Mrs. Horowitz went on. “As long as I’m here, Natasha can rest assured that I’ll sacrifice myself not only to advance her career and her fame but also to put food on the table and provide for shelter overhead. But I won’t live forever—”
“So now,” said Mrs. Horowitz, “what are your intentions, may I ask, regarding my daughter?”
Surprised that she leveled this question at me, which she did before I even had a real opportunity to have a conversation with Natasha, I said, “Mrs. Horowitz, let me assure you about my intentions. They’re utterly serious—”
“That’s what I’m afraid of,” she said, waving her hand at me. “I’m not going to allow Natasha to marry anyone coming off the street, even if he arrived in a luxury car, especially not someone who has some vague dreams of writing drama for no better reason than he’s no good at jokes.”
Before I could answer that no one had been discussing marriage yet, and it was much too early to bring up the subject now, “Mama,” said the girl, in her most stubborn tone, “I can make up my own mind, thank you very much.”
With that, Natasha sat down at her piano, raised her hands over the keys, and with great gusto, pounded them till the upside-down skyline of Manhattan trembled in the polished surface.
Mrs. Horowitz marched off to the kitchen, leaving us alone at long last.
“Play for me, Natasha,” I said.
She turned her eyes to me, and the green light in them flickered into a smile.
“What kind of music d’you like?” she asked.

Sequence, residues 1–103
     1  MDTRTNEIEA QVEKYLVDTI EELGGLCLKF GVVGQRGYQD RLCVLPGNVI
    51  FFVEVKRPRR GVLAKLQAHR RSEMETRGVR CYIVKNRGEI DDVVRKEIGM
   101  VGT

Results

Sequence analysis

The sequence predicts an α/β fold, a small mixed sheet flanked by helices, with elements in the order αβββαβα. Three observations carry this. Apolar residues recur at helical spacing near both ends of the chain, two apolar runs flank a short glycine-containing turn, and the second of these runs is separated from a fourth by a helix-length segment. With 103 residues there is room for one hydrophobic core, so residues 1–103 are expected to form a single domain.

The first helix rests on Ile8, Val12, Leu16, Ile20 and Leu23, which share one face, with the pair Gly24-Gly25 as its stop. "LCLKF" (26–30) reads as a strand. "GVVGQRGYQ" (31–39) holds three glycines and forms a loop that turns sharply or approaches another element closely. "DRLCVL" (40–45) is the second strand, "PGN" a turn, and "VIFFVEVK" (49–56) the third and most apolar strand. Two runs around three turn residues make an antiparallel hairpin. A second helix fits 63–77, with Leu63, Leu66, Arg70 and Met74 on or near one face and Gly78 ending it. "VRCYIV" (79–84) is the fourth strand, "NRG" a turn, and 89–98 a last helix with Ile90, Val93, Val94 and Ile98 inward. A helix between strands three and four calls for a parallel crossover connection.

To which I said, “I’d like to know what you like.”
“My favorite is The Symphony No. 5 in C minor by Ludwig van Beethoven,” she said, “but this is not the right moment for it. I know! I’ll play a special song for you. Papa used to sing it to me, when I was little.”
The first notes came softly, tugging at my heart. They brought back long-forgotten Yiddish words, in the voice of my mother. “Bei mir bist du shein,” she sang to me. “Bei mir host du chein. Bei mir bist du alles oif di velt.”
Natasha closed her eyes, surrendering herself to the music. She started swaying slightly as she played and from time to time, tipped her head backwards, letting it wash over her face, her lips. Fascinated I found myself drawing nearer. By the rosy blush that spread up her cheeks I knew that she could sense my closeness.
In her soft, velvety voice, she started singing, “To me you are beautiful, to me you have grace, to me you are everything in the world.”
From the direction of the kitchen, her Ma chimed in, singing, “I've tried to explain, bei mir bist du schoen.”
And in a sudden elation I hummed under my breath, “So kiss me, and say that you will understand.”
With the last notes still hovering in midair, she swung her knees around the piano bench and lifted her face to me. I raised her to her feet and gathered her to my heart. Then, as she wrapped her arms around my shoulders, I felt the heat awakening from within, rising recklessly in both of us.
Drawing me to her, Natasha leaned backwards over the piano. To the last vibrations dying in its belly I bent over her, over the reflection of the skyline of New York, which rippled in reverse across the polished, black surface around us, and I kissed her.